Trillium Insights

Thoughts and Insights from Trillium's Practice Leaders

The Art and Science of Finding Talent

The Art and Science of Finding Talent

A few of our clients recently told us that they are dismayed at how similar the resumes that they are receiving from staffing firms look, and in many cases, the candidate’s skills do not match up with their resumes.

It is often hard to determine the depth of skill that a person has when they identify a specific tool or architecture that they have experience with from their resume.   Recruiting firms use several tools to verify a candidate’s technical competence.  However, most of these tools are focused on syntax and developmental skills.

To find the best talent in this tight job market, the tools and approaches that staffing firms use can dramatically impact their success.  As we pointed out in several previous blogs, Finding Human Capital Data and What’s the Big Deal Anyways, there is both an art and a science to the recruiting process.  There are ways to leverage technology to better understand and predict a candidate’s future success, but it is the combination of a candidate’s technical capabilities plus their ability to fit into a company’s culture that ultimately determine the best fit.

Potential versus Production

Potential versus Production

Watson seems to be all over the news lately. From tax preparation IBM Watson and H&R Block, to diagnosing cancer IBM Watson Fighting Cancer, IBM’s AI product seems to be having a resurgence.  I say resurgence because over five years ago Trillium managed projects that successfully integrated Watson into predictive analytic production workflows. This healthcare Trillium Success Story describes just such a project.

In five years, not much has changed, data-wise, for healthcare organizations. Most are still drowning in data and still challenged to gain reliable, actionable insights from this information. More than 80% of the data is unstructured and in the form of physician notes, test results such as x-rays, EKG and MRIs and other medical documents. All data sources that Watson can handle. So why aren’t there more stories of success and less of them about just the potential of AI?

What still makes implementation a challenge are the human factors. While there are the tool benches and API’s to take advantage of the power of Watson to relate data and utilize Natural Language Processing techniques, without the use of proven infrastructure planning and solid project management, implementations will remain beyond reach and articles will continue to be written merely about the potential of this technology to be a valuable business tool.

 

What’s the big deal anyway?

What’s the big deal anyway?

Some people believe resume, LinkedIn and Internet sourcing is so easy that sourcing is either dying or dead or can be performed for $6/hour. After all, resume and LinkedIn sourcing appears simple and easy on the surface, however – it is deceptively difficult and complex. Anyone can find candidates because all searches "work" as long as they are syntactically correct. That doesn’t mean the searches are finding all of the best candidates.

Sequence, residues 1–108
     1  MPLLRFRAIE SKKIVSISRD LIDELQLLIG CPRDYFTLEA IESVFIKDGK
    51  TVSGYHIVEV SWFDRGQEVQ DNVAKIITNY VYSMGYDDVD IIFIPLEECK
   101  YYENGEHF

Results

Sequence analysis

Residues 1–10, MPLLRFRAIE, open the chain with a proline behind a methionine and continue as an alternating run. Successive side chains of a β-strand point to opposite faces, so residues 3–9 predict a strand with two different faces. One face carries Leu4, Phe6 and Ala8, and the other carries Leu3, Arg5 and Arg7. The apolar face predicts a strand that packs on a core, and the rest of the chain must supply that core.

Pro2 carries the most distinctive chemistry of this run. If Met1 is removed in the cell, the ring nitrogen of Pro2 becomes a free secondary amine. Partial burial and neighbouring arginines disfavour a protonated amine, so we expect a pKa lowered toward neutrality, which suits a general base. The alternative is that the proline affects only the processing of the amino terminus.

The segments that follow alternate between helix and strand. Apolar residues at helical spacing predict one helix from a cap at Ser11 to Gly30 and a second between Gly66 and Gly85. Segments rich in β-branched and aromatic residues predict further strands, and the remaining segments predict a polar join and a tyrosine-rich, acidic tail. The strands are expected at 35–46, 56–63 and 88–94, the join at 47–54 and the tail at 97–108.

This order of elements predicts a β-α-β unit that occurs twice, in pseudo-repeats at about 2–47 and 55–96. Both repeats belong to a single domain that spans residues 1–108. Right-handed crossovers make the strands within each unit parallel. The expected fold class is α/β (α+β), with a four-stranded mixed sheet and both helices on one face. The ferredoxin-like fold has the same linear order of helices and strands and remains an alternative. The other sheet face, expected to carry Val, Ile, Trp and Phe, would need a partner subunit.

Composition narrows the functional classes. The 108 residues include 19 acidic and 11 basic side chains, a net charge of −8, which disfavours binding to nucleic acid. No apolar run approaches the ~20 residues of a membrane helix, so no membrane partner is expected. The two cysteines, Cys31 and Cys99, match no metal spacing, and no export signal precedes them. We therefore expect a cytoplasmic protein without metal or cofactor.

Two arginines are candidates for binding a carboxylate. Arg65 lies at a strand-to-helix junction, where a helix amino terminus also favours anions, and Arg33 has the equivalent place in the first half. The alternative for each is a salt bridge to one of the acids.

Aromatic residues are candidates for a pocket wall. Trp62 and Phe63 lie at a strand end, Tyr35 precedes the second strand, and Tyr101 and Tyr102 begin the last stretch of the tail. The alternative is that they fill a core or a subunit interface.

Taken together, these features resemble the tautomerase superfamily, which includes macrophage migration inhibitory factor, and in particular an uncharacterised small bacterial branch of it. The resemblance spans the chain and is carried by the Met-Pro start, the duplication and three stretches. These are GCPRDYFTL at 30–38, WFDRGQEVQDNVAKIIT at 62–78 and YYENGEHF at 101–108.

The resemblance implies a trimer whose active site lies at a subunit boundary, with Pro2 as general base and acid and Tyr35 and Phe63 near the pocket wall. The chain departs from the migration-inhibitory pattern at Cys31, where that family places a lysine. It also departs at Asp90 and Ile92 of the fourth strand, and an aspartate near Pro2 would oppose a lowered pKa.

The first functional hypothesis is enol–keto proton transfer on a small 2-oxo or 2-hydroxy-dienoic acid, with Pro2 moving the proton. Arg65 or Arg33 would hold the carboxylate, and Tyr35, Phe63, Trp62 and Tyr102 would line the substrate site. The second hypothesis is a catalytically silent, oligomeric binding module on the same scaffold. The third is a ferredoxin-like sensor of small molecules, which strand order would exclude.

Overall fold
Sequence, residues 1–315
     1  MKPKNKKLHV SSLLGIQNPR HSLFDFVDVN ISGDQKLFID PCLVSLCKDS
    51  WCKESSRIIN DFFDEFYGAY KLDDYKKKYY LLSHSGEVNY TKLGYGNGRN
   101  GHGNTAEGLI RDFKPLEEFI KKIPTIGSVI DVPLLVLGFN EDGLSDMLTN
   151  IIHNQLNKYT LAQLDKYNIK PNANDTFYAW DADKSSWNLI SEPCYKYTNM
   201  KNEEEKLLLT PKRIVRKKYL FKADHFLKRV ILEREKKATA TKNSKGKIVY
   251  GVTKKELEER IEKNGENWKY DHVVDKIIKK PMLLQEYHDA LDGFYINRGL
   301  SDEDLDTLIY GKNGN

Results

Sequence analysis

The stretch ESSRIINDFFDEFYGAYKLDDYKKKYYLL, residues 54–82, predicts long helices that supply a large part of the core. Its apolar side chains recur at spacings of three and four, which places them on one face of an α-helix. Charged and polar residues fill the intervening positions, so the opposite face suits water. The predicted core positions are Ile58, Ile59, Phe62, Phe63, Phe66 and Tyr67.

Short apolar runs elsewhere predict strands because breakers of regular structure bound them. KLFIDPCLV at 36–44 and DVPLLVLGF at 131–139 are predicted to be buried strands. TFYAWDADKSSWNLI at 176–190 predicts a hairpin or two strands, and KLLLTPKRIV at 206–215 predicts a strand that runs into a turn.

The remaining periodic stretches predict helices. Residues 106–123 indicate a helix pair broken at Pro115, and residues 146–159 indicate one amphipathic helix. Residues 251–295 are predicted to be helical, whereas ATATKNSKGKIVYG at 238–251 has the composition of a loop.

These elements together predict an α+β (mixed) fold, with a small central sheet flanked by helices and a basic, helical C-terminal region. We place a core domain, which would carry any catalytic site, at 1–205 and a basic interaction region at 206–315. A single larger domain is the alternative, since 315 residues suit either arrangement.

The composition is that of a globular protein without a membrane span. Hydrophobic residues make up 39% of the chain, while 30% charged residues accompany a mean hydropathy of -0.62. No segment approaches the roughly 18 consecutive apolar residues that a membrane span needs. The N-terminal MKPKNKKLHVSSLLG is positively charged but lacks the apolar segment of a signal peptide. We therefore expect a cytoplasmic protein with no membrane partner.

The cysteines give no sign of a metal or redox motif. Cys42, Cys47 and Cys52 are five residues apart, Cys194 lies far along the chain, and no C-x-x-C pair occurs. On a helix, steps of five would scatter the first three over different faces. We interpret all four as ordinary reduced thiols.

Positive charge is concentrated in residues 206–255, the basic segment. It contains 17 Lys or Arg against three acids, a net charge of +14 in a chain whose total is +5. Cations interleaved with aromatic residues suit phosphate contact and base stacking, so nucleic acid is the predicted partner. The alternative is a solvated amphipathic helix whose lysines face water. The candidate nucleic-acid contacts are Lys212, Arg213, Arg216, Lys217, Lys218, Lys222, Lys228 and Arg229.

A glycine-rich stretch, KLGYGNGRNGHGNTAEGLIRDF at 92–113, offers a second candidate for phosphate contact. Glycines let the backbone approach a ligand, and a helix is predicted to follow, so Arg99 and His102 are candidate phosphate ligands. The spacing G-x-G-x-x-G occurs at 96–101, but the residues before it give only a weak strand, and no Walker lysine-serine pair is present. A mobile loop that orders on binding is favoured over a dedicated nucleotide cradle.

People make assumptions when creating searches. Every time an assumption is made, there is room for error and you unknowingly miss and/or eliminate results! After all, no single search can return all potentially qualified people. Every search both includes some qualified people and excludes some qualified people. Some of the best people have resumes or social profiles that may not appear to be obvious or strong matches to your needs. People cannot effectively be reduced to and represented by a text-based document. Job seekers are NOT professional resume or LinkedIn profile writers which means people don’t create their resumes and LinkedIn profiles thinking about how you will search for them.

Most people still believe shorter and more concise resumes and social profiles are still better which means they are removing data/info from their resumes which can no longer be searched for! No one mentions every skill or responsibility they’ve had, nor describes every environment in which they’ve ever worked. There are many ways of expressing the same skills and experience, and even employers often don’t use the same job titles for the same job functions.  Not to mention that sometimes people don’t even use correct terminology.

Finally, anyone easy for you to find is easy for other recruiters to find which means there is no competitive advantage!  The work I did gathering available data has really paid off in allowing me to truely understand how the data relates.  It is really powerful.

 

Finding some people is easy… finding the best people IS NOT!

Finding some people is easy… finding the best people IS NOT!

In addition to the individuals that recruiters find while searching a system for job candidates, there are people that could be a good fit, but aren't found because of the lack of a specific keyword in a text box or missing value from a dropdown. Clues to a great candidate are hidden in the freeform cover letters and text resumes that might get ignored.  I’m guessing that a rough estimate of this class of data would be at least 50% of each data source that is searched. Using the Natural Language Processing power of Watson streamlines the search process and eliminates the need to create difficult and complex Boolean searches that rely on heavily formated data.  By also including the "intelligent search and match capabilities" of Watson ensures that a recruiter will consider other qualified candidates that might otherwise have been missed.